A new study published in the Royal Society Open Science journal has shown that babies remember elements of language they were exposed to during the first few months of life
From the minute they are born, babies build knowledge about the language they hear, research shows. Even if a child moves countries and forgets their birth language, a hidden ability is retained that makes relearning the language much easier.
Led by Dr Jiyoun Choi of Hanyang University in Seoul, the study looked at a group of Dutch-speaking adults, age 30, adopted from South Korea in their early years. They were asked to pronounce Korean consonants, which are unlike those in the Dutch language, after a short training course. Both groups performed to the same level before training, but afterwards the Korean-born Dutch group exceeded expectations with their pronunciation.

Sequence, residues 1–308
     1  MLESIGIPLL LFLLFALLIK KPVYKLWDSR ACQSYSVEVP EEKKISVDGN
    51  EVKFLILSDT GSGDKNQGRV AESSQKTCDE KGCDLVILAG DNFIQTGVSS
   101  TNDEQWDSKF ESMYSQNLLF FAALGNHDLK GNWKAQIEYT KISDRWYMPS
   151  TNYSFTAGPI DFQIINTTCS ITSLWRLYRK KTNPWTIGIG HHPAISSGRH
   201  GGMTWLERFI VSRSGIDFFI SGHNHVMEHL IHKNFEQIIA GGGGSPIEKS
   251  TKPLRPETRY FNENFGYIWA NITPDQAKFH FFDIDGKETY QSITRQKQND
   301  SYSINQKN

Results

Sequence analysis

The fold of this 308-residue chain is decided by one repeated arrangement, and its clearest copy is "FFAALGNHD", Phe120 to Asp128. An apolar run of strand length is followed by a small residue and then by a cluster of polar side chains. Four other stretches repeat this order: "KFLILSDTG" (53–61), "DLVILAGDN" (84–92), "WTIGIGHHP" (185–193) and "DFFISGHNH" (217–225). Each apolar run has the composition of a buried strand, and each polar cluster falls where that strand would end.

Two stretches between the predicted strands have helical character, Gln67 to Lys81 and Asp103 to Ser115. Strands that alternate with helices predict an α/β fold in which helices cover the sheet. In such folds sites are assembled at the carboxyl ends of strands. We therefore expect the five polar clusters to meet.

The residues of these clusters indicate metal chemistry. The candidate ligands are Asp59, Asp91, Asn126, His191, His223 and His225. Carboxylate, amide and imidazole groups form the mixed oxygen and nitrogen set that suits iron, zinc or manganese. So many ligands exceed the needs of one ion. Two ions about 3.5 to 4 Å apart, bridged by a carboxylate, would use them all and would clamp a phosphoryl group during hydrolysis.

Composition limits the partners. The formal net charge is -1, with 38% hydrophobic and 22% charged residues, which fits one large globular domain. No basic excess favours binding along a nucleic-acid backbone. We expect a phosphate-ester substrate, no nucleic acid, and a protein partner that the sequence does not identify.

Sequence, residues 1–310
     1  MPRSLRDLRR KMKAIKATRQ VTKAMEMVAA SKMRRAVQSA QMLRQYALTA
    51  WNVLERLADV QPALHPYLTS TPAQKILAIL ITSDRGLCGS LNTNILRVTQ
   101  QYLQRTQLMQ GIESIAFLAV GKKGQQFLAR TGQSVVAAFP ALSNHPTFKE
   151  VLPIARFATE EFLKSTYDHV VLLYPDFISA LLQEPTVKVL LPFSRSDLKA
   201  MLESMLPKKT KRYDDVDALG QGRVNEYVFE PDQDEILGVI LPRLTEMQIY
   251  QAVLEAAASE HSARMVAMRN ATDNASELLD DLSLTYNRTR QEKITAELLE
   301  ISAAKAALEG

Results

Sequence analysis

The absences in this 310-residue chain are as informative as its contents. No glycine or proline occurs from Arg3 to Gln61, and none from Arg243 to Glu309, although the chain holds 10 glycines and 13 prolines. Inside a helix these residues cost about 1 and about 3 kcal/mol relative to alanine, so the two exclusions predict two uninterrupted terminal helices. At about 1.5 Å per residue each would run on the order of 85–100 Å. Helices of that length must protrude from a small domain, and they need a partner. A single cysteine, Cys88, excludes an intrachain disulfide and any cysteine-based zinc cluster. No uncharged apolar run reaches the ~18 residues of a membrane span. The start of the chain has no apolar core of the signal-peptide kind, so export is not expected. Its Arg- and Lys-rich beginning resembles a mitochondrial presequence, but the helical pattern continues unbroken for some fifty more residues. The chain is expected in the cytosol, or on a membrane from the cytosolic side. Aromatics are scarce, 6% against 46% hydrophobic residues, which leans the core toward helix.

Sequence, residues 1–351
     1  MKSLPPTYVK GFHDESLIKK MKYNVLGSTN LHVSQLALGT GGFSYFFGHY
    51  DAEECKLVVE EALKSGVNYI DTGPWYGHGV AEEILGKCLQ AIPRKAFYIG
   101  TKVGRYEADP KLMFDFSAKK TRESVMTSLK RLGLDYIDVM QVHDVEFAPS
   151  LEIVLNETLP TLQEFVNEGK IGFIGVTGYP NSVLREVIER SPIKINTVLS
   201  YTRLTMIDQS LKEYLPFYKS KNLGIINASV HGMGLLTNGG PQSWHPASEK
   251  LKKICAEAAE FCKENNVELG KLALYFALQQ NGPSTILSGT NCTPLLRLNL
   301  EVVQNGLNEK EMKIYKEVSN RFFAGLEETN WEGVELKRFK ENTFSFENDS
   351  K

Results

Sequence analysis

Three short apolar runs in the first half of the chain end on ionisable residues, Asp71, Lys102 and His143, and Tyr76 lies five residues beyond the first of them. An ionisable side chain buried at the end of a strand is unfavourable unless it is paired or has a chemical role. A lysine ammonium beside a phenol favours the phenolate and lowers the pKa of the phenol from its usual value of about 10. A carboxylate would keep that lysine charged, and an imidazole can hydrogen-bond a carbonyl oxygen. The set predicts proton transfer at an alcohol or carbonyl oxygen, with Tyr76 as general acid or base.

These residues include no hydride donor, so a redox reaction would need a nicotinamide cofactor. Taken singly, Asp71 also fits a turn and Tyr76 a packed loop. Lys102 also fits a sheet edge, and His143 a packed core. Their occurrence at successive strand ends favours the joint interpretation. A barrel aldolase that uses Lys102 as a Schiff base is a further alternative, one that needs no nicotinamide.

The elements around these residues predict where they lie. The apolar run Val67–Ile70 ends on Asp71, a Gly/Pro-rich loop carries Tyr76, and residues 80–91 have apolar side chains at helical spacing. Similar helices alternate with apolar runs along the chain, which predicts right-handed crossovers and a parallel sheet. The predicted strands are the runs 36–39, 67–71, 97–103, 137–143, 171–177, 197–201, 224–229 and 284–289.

”This finding indicates that useful language knowledge is laid down in [the] very early months of life, which can be retained without further input of the language and revealed via re-learning,” Choi told BBC News.
The study is the first to show that the early experience of adopted children in their birth language gives them an advantage in later life, even if they think it is forgotten. More importantly, adults who had only six months or less exposure of the Korean language as an infant performed just as well in the tests as those who were adopted after 17 months as toddlers. This indicates that language knowledge is abstract in nature, rather than dependent on the amount of speaking experience.
The process of acquiring language starts in the womb; by the time they are born, babies have learnt to recognise their mother’s voice. ”Try to talk to your babies as much as possible because they are absorbing and digesting what you are saying,” comments Choi.